Saturday, July 29, 2017
Are you having an off year offensively? Don’t worry, a lot of us are. Run production is the lowest it’s been since records have been kept. Here are a total of runs per game for each year since 2010:
So are runs per game at its lowest of the decade one year after the league set a record for runs scored in a year? Were we using juiced balls the last few years without even knowing it? I think the answer lies in the one noticeable difference in the league this year vs. last year…..the new Marlboro Swim Club. What was once a field known for high scoring games has become a defensive haven. How much has it changed? In 2014, I had kept statistics for each field in the league. Here are the runs scored numbers for each field compare this year to the averages from 2014:
Union Hill Right:
2014: 20.54 runs per game
Union Hill Left:
We are averaging a whopping 9.46 fewer runs a game on the Swim Club field than we were in 2014. That’s by far the biggest difference out of each field. Only Marl El can even claim to be in the same ballpark at a -5.28 difference. This decrease in production at the Swim Club is enough to explain why our total runs in the league are so low. If we replaced the runs scored this year at Swim Club with the runs average scored at the Swim Club in 2014 then the league’s run average per game would bump to 19.48. It would still be the lowest since 2012, but at least it would not be a record in futility.
One answer could be that it’s just a fluke year. Maybe the league catches on fire and runs per game will approach the levels of recent years. Are there other factors to take into consideration? Are pitchers better now than they’ve been in previous years? Is the influx of talent in the league having a bigger effect on the quality of defense than it is on offense? Although these are possible influences, I think the renovations to the Marlboro Swim Club are the biggest factor. It’s the one change that is based on actuality and not theory as well as the one with data behind it.
Wednesday, July 19, 2017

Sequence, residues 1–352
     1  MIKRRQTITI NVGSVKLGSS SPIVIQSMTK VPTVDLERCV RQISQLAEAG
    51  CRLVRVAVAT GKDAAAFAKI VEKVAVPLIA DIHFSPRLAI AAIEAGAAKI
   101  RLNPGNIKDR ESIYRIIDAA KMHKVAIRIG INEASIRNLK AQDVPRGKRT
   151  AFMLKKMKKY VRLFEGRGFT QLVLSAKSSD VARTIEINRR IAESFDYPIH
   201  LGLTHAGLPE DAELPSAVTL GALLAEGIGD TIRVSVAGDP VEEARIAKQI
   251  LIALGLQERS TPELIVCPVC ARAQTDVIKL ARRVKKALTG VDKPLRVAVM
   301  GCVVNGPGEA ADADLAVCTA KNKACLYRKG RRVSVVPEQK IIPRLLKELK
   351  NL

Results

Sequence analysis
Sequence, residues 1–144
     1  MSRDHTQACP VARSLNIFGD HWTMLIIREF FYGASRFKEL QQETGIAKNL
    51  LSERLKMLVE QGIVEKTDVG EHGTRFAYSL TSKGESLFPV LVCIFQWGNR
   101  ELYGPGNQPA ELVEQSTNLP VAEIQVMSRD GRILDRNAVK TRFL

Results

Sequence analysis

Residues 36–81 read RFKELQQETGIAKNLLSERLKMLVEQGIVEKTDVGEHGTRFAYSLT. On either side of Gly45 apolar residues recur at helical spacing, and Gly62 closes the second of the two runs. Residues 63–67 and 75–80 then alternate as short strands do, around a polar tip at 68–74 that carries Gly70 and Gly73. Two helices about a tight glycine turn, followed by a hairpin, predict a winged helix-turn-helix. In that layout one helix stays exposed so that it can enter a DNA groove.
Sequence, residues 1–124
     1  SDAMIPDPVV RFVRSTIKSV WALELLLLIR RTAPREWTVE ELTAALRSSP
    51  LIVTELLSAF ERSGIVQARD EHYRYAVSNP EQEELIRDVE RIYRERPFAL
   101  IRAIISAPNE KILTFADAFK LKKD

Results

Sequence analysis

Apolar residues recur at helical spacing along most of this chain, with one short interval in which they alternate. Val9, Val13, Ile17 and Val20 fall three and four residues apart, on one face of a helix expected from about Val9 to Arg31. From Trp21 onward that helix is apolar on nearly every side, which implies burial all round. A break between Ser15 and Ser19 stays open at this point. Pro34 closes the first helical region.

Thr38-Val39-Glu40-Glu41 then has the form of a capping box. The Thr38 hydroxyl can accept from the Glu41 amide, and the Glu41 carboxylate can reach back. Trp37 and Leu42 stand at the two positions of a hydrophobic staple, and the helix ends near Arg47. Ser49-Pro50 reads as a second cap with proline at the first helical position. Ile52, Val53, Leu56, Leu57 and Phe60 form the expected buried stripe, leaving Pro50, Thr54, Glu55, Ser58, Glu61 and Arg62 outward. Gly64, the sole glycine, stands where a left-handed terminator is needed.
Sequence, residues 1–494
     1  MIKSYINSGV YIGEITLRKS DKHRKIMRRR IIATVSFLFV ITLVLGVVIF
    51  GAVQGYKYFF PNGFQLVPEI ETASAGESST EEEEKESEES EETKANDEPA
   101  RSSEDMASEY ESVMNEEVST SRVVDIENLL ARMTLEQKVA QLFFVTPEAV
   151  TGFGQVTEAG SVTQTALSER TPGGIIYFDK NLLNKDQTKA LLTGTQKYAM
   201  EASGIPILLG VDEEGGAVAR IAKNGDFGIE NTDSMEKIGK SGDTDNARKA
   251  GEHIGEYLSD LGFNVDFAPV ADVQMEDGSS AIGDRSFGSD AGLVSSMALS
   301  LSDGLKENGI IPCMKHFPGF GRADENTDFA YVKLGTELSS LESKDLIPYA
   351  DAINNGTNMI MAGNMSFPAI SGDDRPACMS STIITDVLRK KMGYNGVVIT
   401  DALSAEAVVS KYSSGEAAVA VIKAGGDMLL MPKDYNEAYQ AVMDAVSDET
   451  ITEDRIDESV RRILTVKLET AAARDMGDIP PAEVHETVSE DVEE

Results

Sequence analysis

Last week's ranking is in parenthesis.
1. Pollock(1)- Team Pollock’s 6.1 run differential is more than double than the next team on the list(Goldfarb at 2.7).
2. Goldfarb (5)- For as great as Team Pollock has been this year, if Goldfarb wins tonight there will be a virtual tie atop the National League.
3. Bykofsky (2)- It might not time to worry yet, but two of the last three games were blowout losses(16-5 to Lapine and 17-4 to Pollock). Surprisingly, both were on UH Left which should be a field that plays to Bykofsky’s strengths.
4. Marrone (3)- A one-run loss to Harris feels like a huge missed opportunity for Marrone to gain control of the top seed in the AL. I love the energy this teams plays with. Marrone will move up the rankings next week if they can defeat Pollock on Sunday.
5. Brock (3)- The regular season comes down to who is missing from week to week almost as much as it does about talent. How much can the team by knocked when they lose without Justin? A loss is still a loss, but in the long-term, the team presents as big of a challenge as Bykofsky and Marrone.
6. Wallman(7)- You can get away with having an average offense in the regular season when you have the stingiest pitching/defense in the league. I think it could be a potential problem in the playoffs though as historically speaking, teams with top hitting/average defense make it further than top defense/average hitting. More on that in a future blog entry though.
7. Harris(8)- Team Harris and Team Wallman are sides of the same coin. Again, credit to Harris for silencing the many naysayers right after the draft. Good defense never goes out of style.
8. Lapine (NR)- Accoring to the team stats page on the website, Team Lapine has the highest OPS in the league. They averaged 5.67 runs the first 6 games of the season going 0-6 and are averaging a whopping 12.89 runs the last nine going 6-3. While it may seem odd putting a last place team this high on the power rankings, very few teams have played as well the last two months.
Around The League:
Team Beilis/Team Jacoby/Team Paladino: Interleague play has not been kind to these three teams. They have a combined 1-20 record against the AL.
Team Applebaum: They get lost in the shuffle playing in an American League where almost every team is either .500 or one game away from it. They’ve been caught by the injury bug this year, but if they can beat Goldfarb on Sunday, they’ll start attracting more attention.
Team Feldman- They may have fallen off the power rankings this week, but this is a team that has more than a fighting chance of getting Feldman to the semi-finals for the first time since 2006.
Team Randell- The run differential is a league worst -4.5, but they’re getting hot just like Team Lapine.